• Avoid companies that are cash heavy unless the cash is foreign denominated (and even still be wary).  
  • Avoid companies with large receivables in the new devalued currency.
  • Look for companies with payables in the new currency.
  • High debt isn't always bad if it's in the new currency, is devalued and can be paid off with export sales in a foreign currency.
  • Look for some sort of competitive advantage, or brand.  Will an exporter have a stigma attached because they operate out of a devalued country?  Global recognition should mitigate this risk.
  • Put limited emphasis on assets, these will be worth much less after a devaluation.
  • The exception to the above bullet is if the assets are extremely rare and supply is limited.  A priceless asset might apply as well.  
A devaluation could be a catalyst for a generally marginal business.  If the business has local denominated debt, local labor and exports their suddenly strong earnings stream will be able to quickly reduce debt and margins will increase with their new lower labor costs.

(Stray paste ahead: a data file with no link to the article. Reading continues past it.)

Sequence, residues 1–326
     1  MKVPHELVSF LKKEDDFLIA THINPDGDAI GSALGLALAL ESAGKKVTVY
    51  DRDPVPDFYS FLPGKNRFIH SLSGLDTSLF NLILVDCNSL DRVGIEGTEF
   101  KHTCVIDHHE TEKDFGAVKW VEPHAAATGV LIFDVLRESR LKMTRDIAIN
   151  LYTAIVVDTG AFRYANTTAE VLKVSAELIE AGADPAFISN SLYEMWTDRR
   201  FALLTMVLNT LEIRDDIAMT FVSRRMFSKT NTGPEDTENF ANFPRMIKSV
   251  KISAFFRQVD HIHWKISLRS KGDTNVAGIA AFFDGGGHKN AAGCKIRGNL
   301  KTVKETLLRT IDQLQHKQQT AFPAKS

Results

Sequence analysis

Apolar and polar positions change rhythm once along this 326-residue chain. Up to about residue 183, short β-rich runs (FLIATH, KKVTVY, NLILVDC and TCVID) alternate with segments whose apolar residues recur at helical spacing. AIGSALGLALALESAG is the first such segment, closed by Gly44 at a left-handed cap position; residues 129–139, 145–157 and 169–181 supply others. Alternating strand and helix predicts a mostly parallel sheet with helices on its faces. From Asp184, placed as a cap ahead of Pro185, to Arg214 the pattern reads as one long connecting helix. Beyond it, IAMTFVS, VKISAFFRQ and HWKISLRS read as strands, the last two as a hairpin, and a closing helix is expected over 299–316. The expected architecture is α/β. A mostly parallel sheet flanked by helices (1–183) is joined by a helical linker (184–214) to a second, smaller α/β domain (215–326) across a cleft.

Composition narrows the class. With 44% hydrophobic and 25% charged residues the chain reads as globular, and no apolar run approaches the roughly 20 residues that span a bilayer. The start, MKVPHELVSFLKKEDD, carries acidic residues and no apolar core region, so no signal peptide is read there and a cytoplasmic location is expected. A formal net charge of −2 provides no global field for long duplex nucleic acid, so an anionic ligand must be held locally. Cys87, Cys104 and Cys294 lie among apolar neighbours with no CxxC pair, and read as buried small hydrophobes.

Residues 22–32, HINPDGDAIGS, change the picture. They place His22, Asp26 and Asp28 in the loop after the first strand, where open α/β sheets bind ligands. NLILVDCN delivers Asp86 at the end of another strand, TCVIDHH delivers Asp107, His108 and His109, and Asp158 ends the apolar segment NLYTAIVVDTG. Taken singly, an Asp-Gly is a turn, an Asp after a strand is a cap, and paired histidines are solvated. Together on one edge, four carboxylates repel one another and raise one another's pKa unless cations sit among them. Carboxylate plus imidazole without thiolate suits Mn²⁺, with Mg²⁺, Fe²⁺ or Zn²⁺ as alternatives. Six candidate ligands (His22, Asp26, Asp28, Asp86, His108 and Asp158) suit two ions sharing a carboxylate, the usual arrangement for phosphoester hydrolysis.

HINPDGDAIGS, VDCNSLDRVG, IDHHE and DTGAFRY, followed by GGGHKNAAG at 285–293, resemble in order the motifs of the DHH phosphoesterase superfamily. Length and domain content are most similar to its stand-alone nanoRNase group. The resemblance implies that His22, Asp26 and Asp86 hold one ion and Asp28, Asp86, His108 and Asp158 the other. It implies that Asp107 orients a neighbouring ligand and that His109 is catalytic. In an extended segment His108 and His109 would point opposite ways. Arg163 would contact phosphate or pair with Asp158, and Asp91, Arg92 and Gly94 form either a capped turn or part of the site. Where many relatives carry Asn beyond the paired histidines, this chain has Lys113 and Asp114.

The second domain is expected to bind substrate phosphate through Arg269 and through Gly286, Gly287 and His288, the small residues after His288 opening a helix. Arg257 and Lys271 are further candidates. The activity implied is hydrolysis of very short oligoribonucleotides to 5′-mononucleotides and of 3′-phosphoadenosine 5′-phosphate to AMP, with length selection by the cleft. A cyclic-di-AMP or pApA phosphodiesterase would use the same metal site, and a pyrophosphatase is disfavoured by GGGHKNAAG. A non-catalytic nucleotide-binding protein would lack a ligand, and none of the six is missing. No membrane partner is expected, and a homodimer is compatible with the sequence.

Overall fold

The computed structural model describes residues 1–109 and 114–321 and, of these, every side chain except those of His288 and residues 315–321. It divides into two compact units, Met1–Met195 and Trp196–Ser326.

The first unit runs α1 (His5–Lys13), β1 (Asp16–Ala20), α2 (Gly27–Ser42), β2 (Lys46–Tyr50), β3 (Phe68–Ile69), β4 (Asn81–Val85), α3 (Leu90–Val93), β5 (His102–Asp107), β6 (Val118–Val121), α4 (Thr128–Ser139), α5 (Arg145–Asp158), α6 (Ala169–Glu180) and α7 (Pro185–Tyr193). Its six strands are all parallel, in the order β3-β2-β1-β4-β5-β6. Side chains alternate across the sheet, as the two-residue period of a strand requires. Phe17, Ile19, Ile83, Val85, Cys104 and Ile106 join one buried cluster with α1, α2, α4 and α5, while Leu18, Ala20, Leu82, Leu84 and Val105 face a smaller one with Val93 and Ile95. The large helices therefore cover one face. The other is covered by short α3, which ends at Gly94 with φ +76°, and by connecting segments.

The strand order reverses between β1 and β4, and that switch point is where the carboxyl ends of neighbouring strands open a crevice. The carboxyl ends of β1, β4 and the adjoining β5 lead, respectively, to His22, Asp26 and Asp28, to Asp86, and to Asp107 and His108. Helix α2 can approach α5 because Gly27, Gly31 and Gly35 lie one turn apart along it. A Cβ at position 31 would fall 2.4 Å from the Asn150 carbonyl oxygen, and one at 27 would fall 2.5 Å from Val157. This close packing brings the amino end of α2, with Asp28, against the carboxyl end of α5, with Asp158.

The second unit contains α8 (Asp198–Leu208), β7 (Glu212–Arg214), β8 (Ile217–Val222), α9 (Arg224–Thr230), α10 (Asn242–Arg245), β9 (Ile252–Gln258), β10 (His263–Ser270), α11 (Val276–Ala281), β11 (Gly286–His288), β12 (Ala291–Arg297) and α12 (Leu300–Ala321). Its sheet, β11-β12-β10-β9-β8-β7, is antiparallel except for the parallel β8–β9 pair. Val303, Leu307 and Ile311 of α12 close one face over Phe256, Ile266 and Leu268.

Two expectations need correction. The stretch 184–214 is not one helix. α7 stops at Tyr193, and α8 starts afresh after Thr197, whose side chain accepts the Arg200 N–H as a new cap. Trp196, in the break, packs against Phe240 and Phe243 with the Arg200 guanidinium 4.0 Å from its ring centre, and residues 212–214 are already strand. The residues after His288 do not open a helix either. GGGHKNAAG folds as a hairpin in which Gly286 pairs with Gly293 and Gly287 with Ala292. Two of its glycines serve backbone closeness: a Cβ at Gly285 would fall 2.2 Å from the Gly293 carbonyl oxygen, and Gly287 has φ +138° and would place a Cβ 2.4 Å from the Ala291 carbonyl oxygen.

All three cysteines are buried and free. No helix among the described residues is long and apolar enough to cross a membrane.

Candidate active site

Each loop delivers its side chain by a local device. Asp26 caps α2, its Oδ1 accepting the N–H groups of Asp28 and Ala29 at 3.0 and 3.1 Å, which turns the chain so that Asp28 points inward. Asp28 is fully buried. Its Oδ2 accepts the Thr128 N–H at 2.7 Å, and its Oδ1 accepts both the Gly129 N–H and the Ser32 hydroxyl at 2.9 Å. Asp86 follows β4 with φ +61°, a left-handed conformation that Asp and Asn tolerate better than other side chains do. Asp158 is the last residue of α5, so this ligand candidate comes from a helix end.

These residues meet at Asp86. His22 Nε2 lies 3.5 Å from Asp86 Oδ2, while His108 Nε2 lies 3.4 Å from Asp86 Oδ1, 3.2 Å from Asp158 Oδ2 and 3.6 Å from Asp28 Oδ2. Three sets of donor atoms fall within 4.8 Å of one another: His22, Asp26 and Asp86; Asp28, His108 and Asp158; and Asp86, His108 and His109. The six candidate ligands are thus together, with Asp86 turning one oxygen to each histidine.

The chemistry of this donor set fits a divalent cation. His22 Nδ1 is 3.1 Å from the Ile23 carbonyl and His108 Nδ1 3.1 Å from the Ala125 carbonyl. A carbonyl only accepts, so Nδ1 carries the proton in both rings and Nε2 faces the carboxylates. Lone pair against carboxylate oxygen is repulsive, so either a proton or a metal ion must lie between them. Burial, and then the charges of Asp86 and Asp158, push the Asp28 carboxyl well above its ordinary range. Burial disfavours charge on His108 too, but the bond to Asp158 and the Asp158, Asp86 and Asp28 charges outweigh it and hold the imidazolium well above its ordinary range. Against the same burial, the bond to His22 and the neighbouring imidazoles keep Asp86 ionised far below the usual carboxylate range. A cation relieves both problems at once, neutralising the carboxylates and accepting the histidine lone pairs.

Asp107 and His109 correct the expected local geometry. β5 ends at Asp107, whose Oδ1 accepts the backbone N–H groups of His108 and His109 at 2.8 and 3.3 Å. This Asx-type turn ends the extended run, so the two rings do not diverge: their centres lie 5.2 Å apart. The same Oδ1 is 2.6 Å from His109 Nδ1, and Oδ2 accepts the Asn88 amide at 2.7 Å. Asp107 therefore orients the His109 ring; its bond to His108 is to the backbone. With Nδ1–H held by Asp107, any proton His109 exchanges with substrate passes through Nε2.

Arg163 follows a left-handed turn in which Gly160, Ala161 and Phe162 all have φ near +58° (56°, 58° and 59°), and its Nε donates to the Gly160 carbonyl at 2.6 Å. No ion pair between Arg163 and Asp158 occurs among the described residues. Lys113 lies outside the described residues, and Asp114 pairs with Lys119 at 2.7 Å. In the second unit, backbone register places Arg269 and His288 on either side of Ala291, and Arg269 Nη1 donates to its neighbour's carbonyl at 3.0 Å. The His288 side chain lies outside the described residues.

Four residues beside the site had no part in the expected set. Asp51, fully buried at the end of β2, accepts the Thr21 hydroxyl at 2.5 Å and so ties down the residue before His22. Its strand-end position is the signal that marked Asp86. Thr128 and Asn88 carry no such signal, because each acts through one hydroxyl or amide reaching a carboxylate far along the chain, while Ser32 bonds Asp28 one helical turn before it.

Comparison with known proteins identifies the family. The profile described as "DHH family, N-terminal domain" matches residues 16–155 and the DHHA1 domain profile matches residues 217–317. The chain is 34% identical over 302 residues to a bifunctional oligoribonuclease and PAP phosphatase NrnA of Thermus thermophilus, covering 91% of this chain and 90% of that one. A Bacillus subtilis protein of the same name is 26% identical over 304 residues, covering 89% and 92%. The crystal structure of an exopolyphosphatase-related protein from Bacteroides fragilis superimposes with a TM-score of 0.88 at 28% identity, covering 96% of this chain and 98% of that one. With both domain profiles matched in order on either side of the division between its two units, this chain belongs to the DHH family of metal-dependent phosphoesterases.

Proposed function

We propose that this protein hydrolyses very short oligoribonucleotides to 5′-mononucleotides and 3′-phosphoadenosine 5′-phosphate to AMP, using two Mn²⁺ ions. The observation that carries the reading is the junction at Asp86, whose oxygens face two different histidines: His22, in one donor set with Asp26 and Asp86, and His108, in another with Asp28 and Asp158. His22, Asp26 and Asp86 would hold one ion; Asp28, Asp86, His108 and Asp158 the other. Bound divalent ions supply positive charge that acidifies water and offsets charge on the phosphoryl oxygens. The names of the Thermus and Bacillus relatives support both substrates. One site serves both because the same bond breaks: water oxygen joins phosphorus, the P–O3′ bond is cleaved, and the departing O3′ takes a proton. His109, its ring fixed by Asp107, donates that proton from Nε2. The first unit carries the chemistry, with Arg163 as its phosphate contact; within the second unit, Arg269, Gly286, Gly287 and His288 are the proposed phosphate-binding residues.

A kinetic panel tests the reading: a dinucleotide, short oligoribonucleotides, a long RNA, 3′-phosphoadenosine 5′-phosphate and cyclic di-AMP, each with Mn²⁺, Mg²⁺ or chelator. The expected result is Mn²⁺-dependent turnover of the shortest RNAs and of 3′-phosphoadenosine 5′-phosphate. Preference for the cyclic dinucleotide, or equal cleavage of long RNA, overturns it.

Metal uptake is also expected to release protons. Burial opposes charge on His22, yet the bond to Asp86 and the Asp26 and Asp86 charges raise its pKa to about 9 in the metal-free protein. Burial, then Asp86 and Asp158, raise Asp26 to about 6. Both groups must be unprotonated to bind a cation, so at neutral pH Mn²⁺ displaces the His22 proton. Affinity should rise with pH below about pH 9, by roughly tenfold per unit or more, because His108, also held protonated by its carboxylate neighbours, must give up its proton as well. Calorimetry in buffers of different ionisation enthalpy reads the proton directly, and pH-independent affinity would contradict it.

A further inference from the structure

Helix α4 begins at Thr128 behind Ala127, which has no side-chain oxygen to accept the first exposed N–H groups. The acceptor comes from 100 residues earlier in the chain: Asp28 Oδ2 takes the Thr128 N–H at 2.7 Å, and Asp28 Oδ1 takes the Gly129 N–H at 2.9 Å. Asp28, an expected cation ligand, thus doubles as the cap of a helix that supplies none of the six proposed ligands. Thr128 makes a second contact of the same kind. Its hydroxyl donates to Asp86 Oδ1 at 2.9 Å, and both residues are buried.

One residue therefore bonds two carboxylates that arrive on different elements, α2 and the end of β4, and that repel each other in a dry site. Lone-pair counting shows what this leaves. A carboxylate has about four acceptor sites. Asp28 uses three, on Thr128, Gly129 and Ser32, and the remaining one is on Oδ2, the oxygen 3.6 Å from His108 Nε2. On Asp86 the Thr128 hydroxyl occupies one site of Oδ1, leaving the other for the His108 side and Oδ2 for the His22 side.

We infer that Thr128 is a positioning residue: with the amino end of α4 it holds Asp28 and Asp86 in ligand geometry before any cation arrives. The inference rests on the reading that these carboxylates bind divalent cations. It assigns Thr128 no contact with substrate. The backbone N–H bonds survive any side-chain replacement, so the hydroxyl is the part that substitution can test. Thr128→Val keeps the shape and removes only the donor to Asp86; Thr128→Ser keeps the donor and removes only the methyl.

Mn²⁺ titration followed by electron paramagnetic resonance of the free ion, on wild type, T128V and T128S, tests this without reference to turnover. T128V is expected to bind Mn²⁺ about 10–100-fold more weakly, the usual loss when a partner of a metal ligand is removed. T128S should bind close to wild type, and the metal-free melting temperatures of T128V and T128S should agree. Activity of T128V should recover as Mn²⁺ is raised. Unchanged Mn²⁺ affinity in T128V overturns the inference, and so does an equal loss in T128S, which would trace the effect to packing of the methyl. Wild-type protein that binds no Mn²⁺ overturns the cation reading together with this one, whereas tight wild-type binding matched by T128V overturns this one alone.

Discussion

Here are two possible investments in Portugal

A decent business with a good earnings stream likely to be unharmed:
Corticeria Amorim, written about here , here and here.

A marginally profitable exporter that could be helped by a devaluation:

Disclosure: Long COR

SeaEnergy, lots of cash but no energy business....yet

SeaEnergy (SEA.UK)

Price: 26.25p (2/22/2010)

This is a stock I kept getting mentioned on Twitter and I finally got around to looking into it recently.  SeaEnergy is a Scottish company that used to own an energy company which they sold for £38.6m back in June of 2011.

When I first looked over the company's interim report I was a bit confused.  I kept seeing pictures of boats yet the long term asset account was non-existant.  I then looked for leases and didn't find that either.  I looked at the pictures closer and realized they were computer drawn, not real boats.  I surfed their website a bit more and discovered that the company is currently a shell of cash, and they hope to get into the business of servicing offshore wind farms with a fleet of service ships.